Simon tried to care, and when that didn't work, he tried to be careful. He was afraid of damaging Tommy. He had no idea how the specific mechanics worked, and so he erred on the side of caution. Yesterday was an anomaly. Annie had asked him why he had left the baby on the roof of the car like a bag of potatoes. The truth is, he didn't know. The truth is, he was tired. Tired of pretending.
And now here was Annie, holding out her child to him. Simon forced his arms to move, forced himself to take the baby in both hands. The baby gave a mechanical gurgle, the muscles in his face moving too smoothly, without any of the awkwardness of a human child. The tiny scrape on his perfect silicon skin as he smiled.
"Dada," said Tommy.
Simon stared at the baby.
"Dada," said Tommy again.
Simon stared at Annie.
"Uh, yeah," said Annie. "The most common first word, actually." She cleared her throat, and ran her fingers through her hair. "It's much easier to say than 'mama'. The positioning of the soft palate. I thought we should keep things authentic."
"When did you programme that feature in?"
"I thought you were angry at me last night."
"I was." She shrugged.
In one movement, Simon placed the baby carefully back in his high chair and took his wife in both arms. He kissed her, and her mouth opened to receive the kiss, and she twisted her fingers in his hair.
Frantic movement, her breath at his neck, wanting him, wanting her. He took Annie's face in both of his hands and kissed her again, kissed her deeply, like he might swallow her whole.
Just then, Tommy started to cry.
He banged his squashy little Silicon legs against his high chair and screamed for attention.
"He wants burping," murmured Simon, "I don't know why you had to leave that feature in.'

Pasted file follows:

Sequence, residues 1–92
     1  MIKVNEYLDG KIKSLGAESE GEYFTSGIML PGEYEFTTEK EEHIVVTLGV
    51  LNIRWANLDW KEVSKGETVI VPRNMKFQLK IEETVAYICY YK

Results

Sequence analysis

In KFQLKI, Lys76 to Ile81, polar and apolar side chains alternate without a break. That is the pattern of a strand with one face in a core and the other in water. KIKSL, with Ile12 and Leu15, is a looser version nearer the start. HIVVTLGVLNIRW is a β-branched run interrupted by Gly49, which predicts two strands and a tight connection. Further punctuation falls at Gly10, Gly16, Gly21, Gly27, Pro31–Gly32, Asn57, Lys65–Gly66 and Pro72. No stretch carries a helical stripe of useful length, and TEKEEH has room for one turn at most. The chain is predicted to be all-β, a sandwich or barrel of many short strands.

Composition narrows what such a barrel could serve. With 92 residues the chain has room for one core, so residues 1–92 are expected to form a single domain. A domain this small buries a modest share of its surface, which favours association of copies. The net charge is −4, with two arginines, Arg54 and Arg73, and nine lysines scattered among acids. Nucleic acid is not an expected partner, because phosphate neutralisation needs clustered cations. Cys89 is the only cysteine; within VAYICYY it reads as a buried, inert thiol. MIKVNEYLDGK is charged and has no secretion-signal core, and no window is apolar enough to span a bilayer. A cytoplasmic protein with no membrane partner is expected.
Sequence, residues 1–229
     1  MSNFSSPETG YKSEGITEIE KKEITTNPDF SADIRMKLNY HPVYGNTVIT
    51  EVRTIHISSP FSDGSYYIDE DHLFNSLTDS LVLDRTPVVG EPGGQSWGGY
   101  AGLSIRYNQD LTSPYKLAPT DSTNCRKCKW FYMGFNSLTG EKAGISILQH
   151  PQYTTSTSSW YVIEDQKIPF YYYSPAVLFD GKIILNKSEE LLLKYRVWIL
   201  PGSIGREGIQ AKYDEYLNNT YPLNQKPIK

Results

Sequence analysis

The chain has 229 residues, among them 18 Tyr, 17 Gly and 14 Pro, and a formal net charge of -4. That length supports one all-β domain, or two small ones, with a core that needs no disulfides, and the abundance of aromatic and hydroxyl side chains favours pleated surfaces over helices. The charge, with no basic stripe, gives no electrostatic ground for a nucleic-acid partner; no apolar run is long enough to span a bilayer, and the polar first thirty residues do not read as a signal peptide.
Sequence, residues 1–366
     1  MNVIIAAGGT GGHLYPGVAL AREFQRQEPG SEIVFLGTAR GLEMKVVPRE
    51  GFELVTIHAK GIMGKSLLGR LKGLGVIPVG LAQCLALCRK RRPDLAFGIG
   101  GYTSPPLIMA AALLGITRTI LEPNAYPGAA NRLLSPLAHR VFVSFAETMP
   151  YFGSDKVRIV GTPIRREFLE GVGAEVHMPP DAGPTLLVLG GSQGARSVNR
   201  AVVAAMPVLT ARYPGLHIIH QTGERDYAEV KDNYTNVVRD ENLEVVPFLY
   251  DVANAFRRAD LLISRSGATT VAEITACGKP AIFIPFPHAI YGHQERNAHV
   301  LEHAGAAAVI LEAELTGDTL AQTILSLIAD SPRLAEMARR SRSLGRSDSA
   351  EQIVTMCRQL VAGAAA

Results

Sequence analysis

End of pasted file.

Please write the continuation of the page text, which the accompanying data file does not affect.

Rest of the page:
"Important to keep things…mmm…authentic…" Annie trailed off as Simon planted a row of kisses from the nape of her neck and down along her collarbone, biting gently at the round of her shoulder.
Tommy screamed again.
"I'll do it," sighed Simon, sliding his hands out of the waistband of his wife's sweatpants.
"No," said Annie, taking his hands in both of hers. "Wait - just."
"But the baby's crying."
"Just this once," said Annie, giving him a wicked look. Her dark eyes sparkled with mischief.
"You said we shouldn't," said Simon.
"I know," said Annie, "but just this once."
She twisted out of his arms and went to soothe their son. She petted his soft curls, cooing gently as Tommy continued to wail.
Then she reached under the base of the baby's head and pushed a small, hidden switch.
Tommy's blue eyes dimmed and fluttered shut. His little face relaxed as he crumpled forward in his high chair.
"There," said Annie. "That ought to hold him for a few hours."
Simon tore at the buttons of her shirt.
"I can't believe," he said, dipping his lips to her left breast, "I can't believe you turned off the baby."
"Shut up and kiss me."
This dispatch is part of Terraform, our online home for future fiction.